We're pleased to confirm the following keynote speakers at NZ eResearch Symposium 2011:
Professor David Abramson
e-Research involves the application of advanced computing techniques to the research process itself. Importantly, e-Research leverages the latest developments in computing platforms, and in some cases requires advances in both computer science and the application area. Thus, many e-Research projects build on teams of application scientists and researchers, computing professionals and computer scientists. It often involves global collaborations working together across international boundaries, time zones and cultures. In this talk I will discuss how some of our own computer science research has enabled novel applications in microscopy, environmental science and cardiac science. I will also show how other off-the-shelf technologies, such as advanced video conferencing and collaboration tools, support effective global collaborations. Finally, I will highlight some novel student internship programs that are creating the next generation workforce that have multi-disciplinary global research skills.
Professor David Abramson has been involved in computer architecture and high performance computing research since 1979. Previous to joining Monash University in 1997, he has held appointments at Griffith University, CSIRO, and RMIT. At CSIRO he was the program leader of the Division of Information Technology High Performance Computing Program, and was also an adjunct Associate Professor at RMIT in Melbourne. He served as a program manager and chief investigator in the Co-operative Research Centre for Intelligent Decisions Systems and the Co-operative Research Centre for Enterprise Distributed Systems. Abramson is currently an ARC Professorial Fellow; Professor of Computer Science in the Faculty of Information Technology at Monash University, Australia, and science director of the Monash e-Research Centre. He is a fellow of the Association for Computing Machinery (ACM) and the Academy of Science and Technological Engineering (ATSE), and a member of the IEEE. Abramson has served on committees for many conferences and workshops, and has published over 200 papers and technical documents. He has given seminars and received awards around Australia and internationally and has received over $8 million in research funding. He also has a keen interest in R&D commercialization and consults for Axceleon Inc, who produce an industry strength version of Nimrod, and Guardsoft, a company focused on commercialising the Guard relative debugger. Abramson’s current interests are in high performance computer systems design and software engineering tools for programming parallel, distributed supercomputers and stained glass windows.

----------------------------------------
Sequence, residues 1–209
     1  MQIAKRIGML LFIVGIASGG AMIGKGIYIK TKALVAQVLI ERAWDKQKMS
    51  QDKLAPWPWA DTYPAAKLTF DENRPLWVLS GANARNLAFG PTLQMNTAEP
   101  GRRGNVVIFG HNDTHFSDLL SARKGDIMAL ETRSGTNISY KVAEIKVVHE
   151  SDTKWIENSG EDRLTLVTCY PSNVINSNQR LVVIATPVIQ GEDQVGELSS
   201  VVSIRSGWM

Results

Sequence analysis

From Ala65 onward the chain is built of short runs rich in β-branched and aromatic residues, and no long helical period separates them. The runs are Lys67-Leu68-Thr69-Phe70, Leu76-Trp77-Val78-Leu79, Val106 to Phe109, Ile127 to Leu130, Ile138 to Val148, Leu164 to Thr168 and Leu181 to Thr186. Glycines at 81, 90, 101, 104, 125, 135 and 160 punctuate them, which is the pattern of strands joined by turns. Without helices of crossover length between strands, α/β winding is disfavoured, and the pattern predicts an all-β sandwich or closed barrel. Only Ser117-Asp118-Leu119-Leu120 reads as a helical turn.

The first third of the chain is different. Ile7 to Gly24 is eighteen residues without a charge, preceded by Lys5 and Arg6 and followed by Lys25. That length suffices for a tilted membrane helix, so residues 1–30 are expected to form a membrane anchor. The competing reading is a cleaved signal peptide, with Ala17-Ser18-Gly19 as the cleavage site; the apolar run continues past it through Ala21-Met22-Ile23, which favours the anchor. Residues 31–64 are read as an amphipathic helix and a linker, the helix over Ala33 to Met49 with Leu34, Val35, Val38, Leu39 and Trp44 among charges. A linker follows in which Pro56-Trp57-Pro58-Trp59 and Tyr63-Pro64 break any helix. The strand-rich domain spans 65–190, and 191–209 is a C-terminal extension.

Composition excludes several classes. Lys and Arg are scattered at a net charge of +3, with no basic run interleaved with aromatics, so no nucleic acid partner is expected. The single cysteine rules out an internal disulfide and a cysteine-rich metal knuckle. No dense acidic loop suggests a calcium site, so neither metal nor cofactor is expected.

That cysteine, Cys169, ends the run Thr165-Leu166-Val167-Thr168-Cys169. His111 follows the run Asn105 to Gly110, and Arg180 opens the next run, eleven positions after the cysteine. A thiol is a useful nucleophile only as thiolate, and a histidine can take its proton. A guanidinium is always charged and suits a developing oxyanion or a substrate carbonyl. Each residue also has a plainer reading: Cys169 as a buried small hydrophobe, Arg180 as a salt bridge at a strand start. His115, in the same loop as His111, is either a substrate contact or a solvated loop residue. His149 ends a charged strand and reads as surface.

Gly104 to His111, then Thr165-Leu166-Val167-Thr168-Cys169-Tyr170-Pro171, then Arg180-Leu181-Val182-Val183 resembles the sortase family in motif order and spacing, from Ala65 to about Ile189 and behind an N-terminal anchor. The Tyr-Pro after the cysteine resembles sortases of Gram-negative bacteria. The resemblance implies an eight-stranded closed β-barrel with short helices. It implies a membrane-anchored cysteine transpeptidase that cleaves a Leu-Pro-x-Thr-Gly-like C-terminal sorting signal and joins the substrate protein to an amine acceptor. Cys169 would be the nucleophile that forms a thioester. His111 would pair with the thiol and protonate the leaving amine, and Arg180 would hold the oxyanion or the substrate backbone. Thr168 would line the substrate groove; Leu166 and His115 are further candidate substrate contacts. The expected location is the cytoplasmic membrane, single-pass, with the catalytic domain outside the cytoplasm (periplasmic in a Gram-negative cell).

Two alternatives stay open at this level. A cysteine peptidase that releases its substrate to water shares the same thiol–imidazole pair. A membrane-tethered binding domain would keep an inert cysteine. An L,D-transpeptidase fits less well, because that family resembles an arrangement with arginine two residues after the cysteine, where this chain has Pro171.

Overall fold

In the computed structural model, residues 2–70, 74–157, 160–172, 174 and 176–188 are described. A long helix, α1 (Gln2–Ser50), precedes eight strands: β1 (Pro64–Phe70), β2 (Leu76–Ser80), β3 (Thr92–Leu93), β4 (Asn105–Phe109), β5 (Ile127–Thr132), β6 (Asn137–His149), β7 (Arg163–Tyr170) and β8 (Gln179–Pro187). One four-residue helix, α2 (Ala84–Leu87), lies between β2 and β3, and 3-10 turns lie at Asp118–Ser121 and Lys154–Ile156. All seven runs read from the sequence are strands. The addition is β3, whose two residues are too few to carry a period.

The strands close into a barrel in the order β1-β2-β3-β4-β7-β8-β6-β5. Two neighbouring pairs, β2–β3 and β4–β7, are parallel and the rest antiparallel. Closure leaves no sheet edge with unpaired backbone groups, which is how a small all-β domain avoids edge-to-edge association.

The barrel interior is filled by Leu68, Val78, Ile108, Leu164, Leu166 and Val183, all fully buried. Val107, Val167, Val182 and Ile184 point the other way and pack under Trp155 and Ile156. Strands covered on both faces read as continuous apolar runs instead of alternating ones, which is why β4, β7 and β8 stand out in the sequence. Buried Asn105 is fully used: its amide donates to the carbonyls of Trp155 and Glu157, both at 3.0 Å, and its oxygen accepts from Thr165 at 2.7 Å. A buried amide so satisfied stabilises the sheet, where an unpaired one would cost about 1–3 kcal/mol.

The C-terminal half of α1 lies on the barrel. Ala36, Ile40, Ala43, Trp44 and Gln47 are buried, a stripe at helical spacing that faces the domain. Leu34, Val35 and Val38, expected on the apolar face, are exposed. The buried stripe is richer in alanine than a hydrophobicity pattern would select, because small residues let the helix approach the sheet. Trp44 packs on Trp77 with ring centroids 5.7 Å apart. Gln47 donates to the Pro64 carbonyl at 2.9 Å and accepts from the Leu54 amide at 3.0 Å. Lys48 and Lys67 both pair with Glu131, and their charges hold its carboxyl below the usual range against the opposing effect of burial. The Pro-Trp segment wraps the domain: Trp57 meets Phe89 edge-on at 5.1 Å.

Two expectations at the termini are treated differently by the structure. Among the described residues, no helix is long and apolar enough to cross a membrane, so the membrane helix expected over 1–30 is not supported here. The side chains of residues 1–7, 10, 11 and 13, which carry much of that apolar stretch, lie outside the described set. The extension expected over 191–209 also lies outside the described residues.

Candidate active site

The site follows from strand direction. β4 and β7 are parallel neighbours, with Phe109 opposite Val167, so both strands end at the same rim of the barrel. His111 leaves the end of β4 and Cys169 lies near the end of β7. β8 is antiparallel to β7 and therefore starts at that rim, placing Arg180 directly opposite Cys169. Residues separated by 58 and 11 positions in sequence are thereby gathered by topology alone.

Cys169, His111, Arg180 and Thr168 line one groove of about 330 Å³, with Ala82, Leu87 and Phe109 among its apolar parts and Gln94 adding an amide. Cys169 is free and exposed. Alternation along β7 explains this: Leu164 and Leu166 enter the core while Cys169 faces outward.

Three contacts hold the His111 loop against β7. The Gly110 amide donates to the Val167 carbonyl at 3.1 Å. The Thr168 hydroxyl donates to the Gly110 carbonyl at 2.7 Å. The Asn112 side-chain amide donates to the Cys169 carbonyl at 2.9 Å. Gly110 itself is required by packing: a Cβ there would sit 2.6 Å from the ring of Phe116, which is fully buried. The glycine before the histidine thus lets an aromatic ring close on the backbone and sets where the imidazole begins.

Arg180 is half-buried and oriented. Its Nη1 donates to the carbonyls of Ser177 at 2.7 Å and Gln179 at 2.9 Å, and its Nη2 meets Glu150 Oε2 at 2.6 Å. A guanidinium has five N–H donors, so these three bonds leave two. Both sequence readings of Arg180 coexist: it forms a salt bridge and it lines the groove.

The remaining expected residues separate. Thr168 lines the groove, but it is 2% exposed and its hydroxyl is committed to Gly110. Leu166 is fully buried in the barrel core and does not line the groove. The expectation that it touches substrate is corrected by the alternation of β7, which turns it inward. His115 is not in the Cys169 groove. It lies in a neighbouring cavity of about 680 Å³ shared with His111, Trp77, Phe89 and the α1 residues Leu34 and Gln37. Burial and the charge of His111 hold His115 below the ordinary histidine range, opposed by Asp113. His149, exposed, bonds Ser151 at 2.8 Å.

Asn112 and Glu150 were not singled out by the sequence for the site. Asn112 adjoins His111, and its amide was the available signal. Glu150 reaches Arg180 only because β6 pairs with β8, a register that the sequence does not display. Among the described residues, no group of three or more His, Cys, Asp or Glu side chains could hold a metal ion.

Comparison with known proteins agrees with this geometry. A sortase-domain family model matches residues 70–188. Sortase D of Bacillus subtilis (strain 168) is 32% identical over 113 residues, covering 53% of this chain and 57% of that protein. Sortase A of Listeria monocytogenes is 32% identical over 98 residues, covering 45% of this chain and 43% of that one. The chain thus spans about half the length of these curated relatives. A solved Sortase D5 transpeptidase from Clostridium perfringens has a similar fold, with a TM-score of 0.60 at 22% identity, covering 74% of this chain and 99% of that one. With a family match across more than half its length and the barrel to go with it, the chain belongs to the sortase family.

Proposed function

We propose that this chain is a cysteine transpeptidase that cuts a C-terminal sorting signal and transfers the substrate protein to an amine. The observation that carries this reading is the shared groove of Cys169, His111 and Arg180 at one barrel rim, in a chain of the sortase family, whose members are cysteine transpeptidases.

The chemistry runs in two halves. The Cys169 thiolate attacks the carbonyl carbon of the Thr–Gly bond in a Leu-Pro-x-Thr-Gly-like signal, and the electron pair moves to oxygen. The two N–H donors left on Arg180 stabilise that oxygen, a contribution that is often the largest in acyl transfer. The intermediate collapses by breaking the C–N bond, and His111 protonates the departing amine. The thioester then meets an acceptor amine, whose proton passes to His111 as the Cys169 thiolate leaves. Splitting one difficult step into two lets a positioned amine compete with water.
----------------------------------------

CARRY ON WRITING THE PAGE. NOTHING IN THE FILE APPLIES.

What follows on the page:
Dr. Ian Foster
Professor Ian Foster is Director of the Computation Institute, a joint institute of the University of Chicago and Argonne National Laboratory. He is also an Argonne Senior Scientist and Distinguished Fellow, Chan Soon-Shiong Scholar and the Arthur Holly Compton Distinguished Service Professor of Computer Science. Ian received a BSc (Hons I) degree from the University of Canterbury, New Zealand, and a PhD from Imperial College, United Kingdom, both in computer science. His research deals with distributed, parallel, and data-intensive computing technologies, and innovative applications of those technologies to scientific problems in such domains as climate change and biomedicine. Methods and software developed under his leadership underpin many large national and international cyberinfrastructures. Ian was a co-founder of Univa UD, Inc., a company established to deliver grid and cloud computing solutions. For further information about about Ian, visit http://www.mcs.anl.gov/about/people_detail.php?id=285.
Assistant Professor Ann Zimmerman
Do researchers want eResearch? The research roadside is littered with failed projects and unused technologies that would seem to indicate that often they do not. Since most definitions of eResearch emphasize tools and technologies, it is easy to forget that it is people who make decisions about whether or not to use them. Technologies and people interact in important ways, and many eResearch projects fail because they have not dealt adequately with the human side of eResearch. It is useful, then – not to mention money- , time-, and frustration-saving – to understand what makes eResearch “work” and what obstacles can doom a project to failure. This talk presents an analysis of what we know from research in social science and from the firsthand experiences of eResearchers about factors that affect people’s willingness to adopt new tools and practices that support the kind of work encompassed by the vision of e-research (e.g., data-intensive, collaborative, multi-disciplinary). Suffice it to say, it’s not easy to make eResearch work.
Ann Zimmerman is research assistant professor in the University of Michigan's School of Information. The broad focus of Ann’s research is to understand the way that new technologies affect the practice of research, the production of knowledge, and the organization of science. This work has included investigations of distributed research teams and virtual organizations, high-performance computing, and discipline-specific web portals for accessing and sharing data and software. She has a particular interest in scientific data and has been studying the social and technical issues related to the sharing and reuse of data, particularly environmental data, for more than 10 years. In addition to studying subjects that fall under the umbrella of eResearch, Ann has also been a participant in several of these endeavors and is currently part of the advisory committee for a large earthquake engineering collaboration in the United State. She is co-editor of the book Scientific Collaboration on the Internet, which was published by MIT Press in 2008.